One of the most worrying aspects of security is network-level security; as it is the area where teams are most exposed and where they are most likely to take control of their team. Obviously, there are more “doors” to access a team. There is a very popular saying that perfect security can only be achieved by having a team within a Faraday cage without an Internet connection and praying that no one steals the key to open that cage.
But it is undeniable that generally, we try to access a team remotely at the network level. That is why sometimes you have to consider the possibility that a team can be violated and that from there try to “jump” to other teams with which the team has communication. There comes into play a very important and useful concept called DMZ.
A DMZ (Demilitarized Zone) is a “special” zone that is exposed to the network and is prone to receive attacks from cyber-criminals. This “zone” is composed of servers, emails, DNS and the web among others; i.e., servers that have to be exposed to the public. The best is to never harm any of these, but this situation is utopian and we cannot simply think that it would never happen, either because we think our security measures are very good or because we think we are good at security. They are going to look at our servers.
That is why we have to prepare ourselves for the worst possible situation. That is to say the situation of obtaining access to one of these servers. The situation in which the use of the DMZs makes sense because its function is so simple as to allow access from the outside to this zone, which from the Inside, the “corporate” network can also be accessed, but the DMZ cannot access the corporate network. That is isolated. To better understand this example, here is the small scheme:
As you see the objective is very clear, in my opinion, it is quite understandable. The issue is that, generally, to achieve such a purpose, we would require a firewall or a switch with these capabilities. This usually requires an economic investment and we cannot do that sometimes. Fortunately, we can choose to make a DMZ with a computer that simply has 3 network cards and Linux installed. Specifically, with the same configuration as shown in the diagram above, that is to say:
- A network interface named eth0 with mask 255.255.255.0 IP 192.168.1.2 and that would be connected to the router.
- A network interface name eth1 with mask 255.255.255.0 IP 192.168.2.1 and that would be connected to the DMZ, that is the area which will receive a “special” treatment.
- A network interface name eth2 with mask 255.255.255.0 IP 192.168.3.1 and that would be connected to the local network.
Having this clear network interface layout, we need to be clear on what goal to achieve and how to do it. With the above schematic and clear network interfaces, knowing the purpose of a DMZ we would see that the objective would be:
- The requests to certain ports of the interface eth0 will be redirected to eth1 (DMZ).
- The traffic coming from the eth0 interface to eth1 interface, pass without any problems.
- The traffic going from the eth1 to eth0 interface, traffic is only in response to requests that have been made to the servers in the DMZ.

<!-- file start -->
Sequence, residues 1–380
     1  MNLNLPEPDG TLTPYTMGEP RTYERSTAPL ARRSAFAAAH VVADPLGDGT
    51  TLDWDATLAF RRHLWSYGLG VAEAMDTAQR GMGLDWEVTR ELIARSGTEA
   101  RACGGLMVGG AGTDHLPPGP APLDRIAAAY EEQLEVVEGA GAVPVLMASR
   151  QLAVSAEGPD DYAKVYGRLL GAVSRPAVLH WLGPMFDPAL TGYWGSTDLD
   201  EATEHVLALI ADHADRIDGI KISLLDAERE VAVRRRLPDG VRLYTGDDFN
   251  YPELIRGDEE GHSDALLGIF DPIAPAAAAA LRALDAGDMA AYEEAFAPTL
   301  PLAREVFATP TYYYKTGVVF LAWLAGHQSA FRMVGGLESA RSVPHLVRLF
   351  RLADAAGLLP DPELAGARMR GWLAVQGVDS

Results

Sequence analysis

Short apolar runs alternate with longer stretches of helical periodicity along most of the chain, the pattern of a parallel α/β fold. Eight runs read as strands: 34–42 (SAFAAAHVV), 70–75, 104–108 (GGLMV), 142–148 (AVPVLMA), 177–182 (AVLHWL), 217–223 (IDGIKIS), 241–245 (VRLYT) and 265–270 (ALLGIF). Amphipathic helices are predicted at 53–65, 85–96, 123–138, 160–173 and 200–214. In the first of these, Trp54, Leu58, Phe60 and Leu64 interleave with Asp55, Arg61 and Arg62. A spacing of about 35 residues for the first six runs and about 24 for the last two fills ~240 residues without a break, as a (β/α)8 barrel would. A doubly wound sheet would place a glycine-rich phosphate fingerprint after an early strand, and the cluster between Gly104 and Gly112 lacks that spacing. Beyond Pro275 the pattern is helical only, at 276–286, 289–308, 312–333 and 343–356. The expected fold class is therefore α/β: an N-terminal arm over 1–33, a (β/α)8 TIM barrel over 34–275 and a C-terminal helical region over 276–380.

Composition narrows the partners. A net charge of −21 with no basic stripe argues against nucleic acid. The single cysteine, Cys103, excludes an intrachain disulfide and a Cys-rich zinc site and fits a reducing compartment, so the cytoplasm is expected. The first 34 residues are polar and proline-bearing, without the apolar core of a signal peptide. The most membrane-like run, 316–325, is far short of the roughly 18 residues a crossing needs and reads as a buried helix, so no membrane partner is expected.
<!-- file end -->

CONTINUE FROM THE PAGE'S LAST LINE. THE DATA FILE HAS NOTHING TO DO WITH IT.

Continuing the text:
- The traffic coming from the eth2 interface to the eth1 interface also pass without any problems.
- The only traffic that can come from the DMZ (eth1) to the local network is caused by the responses to requests from the local network (eth2).
Also check: Security Questions to Ask Hosting Providers
Could we achieve all this? With IPTables of course! Everything discussed above, we would achieve with this simple script that only had to be executed to have our DMZ operational. It should be noted that this configuration would be intended for a DMZ that has a web server and a DNS server, i.e., it would be prepared to redirect the requests to ports 53 and 80. The script in question could be called DMZ.sh
#! / Bin / bash
Echo 1 > / proc / sys / net / ipv4 / ip_forward
iptables -t nat -F
iptables -A INPUT -j DROP
iptables -A FORWARD -j DROP
iptables -A OUTPUT -j ACCEPT
#FORWARD'S RULES WE WISH
# LET'S ALL TRAFFIC GO FROM ETH0 TO ETH1
iptables -A FORWARD -i eth0 -o eth1 -s state --state NEW, ESTABLISHED, RELATED -j ACCEPT
# LET'S THE RESPONSE ONLY GO TO PETITIONS FROM ETH1 TO ETH0
iptables -A FORWARD -i eth1 -o eth0 -s state --state ESTABLISHED, RELATED -j ACCEPT
# LET'S ALL TRAFFIC GO FROM ETH2 TO ETH1
iptables -A FORWARD -i eth2 -o eth1 -s state --state NEW, ESTABLISHED, RELATED -j ACCEPT
# LETS ONLY PASSES RESPONSES TO PETITIONS FROM ETH1 TO ETH2
iptables -A FORWARD -i eth1 , or eth2 -s state --state ESTABLISHED, RELATED -j ACCEPT
#PRIORITIZE REDIRECTIONS FROM THE OUTSIDE TO THE DMZ
# REDUCTED POINTS 53 AND 80
#IPS FICTICS THAT ARE WITHIN THE ETH1 RANGE
#PUT 53, TCP AND UDP
iptables -t nat -A PREROUTING -i eth0 -p tcp --dport 53 -j DNAT --to 192.168.2.4: 53
iptables -t nat -A PREROUTING -i eth0 -p udp --dport 53 -j DNAT --to 192.168.2.4: 53
#PUERTO 80 TCP: WEB
iptables -t nat -A PREROUTING -i eth0 -p tcp --dport 80 -j DNAT --to 192.168.2.5: 80
With this little script, we would already have the equipment ready to act as a firewall and to convert the zone connected to the eth1 interface in a DMZ.
As you see, the creation of this type of environments is not excessively complicated. It simply requires having certain bases of IPTables to be able to develop us with freedom, which demonstrates, once again, the enormous utility of this tool.
I hope you have found it useful.